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December 27, 2019  |  Friday words #202  |  1373 hit(s)

The vocabulary of American and British English differs a little bit—I mean, we all understand terms like clockwork orange and dark materials and deathly hallows. But there are words that mean different things on either side of the Atlantic, like biscuit and pants and flannel. And there are words that are generally found on only one side or the other of the Atlantic, like skint and dosh, or cooties and dumpster.

In this last category, I (an American) don't often run into words from Britain that are new to me. Generally speaking, even if I don't use British words, I know what they mean. But recently I ran across a term that I had never heard before: to gurn.

My American friends, take a moment to study this sentence, which is from the BBC article where I found the word:

So now you have made your entrance – hopefully without gurning like a maniac – experts agree that the next key to likability is to make your interaction about the other person.

Truly I had no idea what it might mean to gurn like a maniac, although it was clear that it was something to be avoided.

Merriam-Webster, an American dictionary, has no entry for gurn. My default spell checker setting in Word—English (United States)—underlines it. But I found other entries that identified this as a British term, and it seems that it's a term that's well understood in the UK. Hence, we can suppose, why the BBC can use gurn in an article and assume everyone knows what it means.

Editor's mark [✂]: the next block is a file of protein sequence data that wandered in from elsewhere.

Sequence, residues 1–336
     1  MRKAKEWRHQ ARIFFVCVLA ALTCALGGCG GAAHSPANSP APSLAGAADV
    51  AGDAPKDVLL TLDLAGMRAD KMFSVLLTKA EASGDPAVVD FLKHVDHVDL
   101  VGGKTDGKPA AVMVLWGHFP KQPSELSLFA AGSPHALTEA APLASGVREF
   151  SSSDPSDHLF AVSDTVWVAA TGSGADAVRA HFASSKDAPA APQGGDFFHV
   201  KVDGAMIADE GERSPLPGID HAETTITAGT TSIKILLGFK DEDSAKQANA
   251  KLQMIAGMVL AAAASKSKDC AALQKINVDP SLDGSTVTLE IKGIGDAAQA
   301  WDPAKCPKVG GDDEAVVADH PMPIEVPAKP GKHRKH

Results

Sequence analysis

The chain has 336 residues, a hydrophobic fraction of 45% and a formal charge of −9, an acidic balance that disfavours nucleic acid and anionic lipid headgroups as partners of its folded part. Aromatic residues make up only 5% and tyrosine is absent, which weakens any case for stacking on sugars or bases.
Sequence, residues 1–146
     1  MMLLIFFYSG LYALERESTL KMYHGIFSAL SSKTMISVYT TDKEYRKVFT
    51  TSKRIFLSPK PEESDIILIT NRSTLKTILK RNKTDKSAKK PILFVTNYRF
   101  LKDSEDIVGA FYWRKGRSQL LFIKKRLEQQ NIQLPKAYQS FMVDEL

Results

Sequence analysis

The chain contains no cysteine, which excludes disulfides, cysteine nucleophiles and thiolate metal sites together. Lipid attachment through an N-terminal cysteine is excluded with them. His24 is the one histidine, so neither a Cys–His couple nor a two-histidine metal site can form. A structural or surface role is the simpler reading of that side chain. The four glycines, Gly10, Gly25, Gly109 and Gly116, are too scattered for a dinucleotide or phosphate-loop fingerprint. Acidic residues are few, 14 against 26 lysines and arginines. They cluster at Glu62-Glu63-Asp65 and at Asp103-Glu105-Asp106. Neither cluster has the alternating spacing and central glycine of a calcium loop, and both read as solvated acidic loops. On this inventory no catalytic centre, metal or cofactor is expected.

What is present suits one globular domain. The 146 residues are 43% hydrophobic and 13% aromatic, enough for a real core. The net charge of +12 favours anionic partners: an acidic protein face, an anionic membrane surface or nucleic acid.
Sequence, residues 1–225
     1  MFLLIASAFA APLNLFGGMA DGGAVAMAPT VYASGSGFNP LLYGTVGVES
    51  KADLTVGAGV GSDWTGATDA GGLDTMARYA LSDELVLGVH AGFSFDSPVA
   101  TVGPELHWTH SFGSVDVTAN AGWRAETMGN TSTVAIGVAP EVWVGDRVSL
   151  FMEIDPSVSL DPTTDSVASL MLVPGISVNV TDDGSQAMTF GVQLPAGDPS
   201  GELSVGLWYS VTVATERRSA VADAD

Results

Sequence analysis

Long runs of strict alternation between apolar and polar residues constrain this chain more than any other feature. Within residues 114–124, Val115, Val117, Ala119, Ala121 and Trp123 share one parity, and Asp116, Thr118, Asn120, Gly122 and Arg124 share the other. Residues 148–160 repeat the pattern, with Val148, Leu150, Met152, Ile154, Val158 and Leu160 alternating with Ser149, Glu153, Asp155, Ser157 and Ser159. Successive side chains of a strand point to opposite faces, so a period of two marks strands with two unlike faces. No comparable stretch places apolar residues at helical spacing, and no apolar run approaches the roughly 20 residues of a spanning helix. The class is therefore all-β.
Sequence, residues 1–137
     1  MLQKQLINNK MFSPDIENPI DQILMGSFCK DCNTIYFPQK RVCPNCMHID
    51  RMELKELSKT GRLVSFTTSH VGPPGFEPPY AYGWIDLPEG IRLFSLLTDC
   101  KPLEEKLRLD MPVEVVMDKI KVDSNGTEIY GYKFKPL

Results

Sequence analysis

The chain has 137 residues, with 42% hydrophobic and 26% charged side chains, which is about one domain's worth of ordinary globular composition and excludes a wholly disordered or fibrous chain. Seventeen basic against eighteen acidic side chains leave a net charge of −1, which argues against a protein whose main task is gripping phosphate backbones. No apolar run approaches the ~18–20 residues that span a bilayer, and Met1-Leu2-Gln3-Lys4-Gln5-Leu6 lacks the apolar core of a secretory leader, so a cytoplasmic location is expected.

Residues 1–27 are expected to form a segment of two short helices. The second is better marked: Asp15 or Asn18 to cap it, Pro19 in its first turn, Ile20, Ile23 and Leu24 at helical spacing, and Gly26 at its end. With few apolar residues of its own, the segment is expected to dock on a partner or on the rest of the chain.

Anyway, to gurn means "to grimace; to make a distorted or grotesque face." (It might be a related to grin.) From Wikipedia, I learned that there's such a thing as a gurning contest, and even a World Gurning Championship. Apparently the ability to bring your lower lip over your nose is a competitive advantage?

There are still apparently plenty of well-known British words (well known in Britain, anyway) that I have yet to learn. Now I wonder if there are other competitive sports that I should be investigating.

For origins, I have to start by noting that I've been using Duolingo to work on Latin. I'm in a section that's about school, and according to Duolingo, the word lection is translated as "chapter." The Latin word lection is obviously related to legit ("to read"), which we see in lecture, lectern, lexicon, and legible.

I assumed there was probably more subtlety to this translation than the lesson provides, but it did make me wonder where the word chapter actually comes from. Well, it too comes from Latin (filtered through French), namely from the word capitulum, meaning "little head." (See also capital/capitol, decapitate, and capo).

The word capitulum was used in late Latin to refer to a section of a book, just as we might use it today. Many people have probably heard the expression chapter and verse, which refers to chapters (i.e., sections) and verses within books of the Bible. Per the OED, this can be "A short ‘lesson’ or passage of Scripture read in certain services of the Latin Church." What's not clear to me is how "little head" comes to mean "section," unless perhaps it refers to a title or other "little head(ing)" that divides the sections of a book.

The word chapter is also used to mean a subdivision of an organization, as in the Seattle chapter of the International Society for the Promotion of Etymological Research (ISPER). This is a metonymic sense that derives from the more literal one. People might read chapters at a meeting (or service), so the gathering by extension came to be known as a chapter.

And so we bring the—ready?—2020 chapter of Friday words to a close. I wonder what new words and etymological surprises I'll find in 2020!

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Jim Travis   28 Dec 19 - 1:05 AM

Interestingly enough, the drop-cap letter is also called "versal." So there you have chapter and verse in a single letter. :-)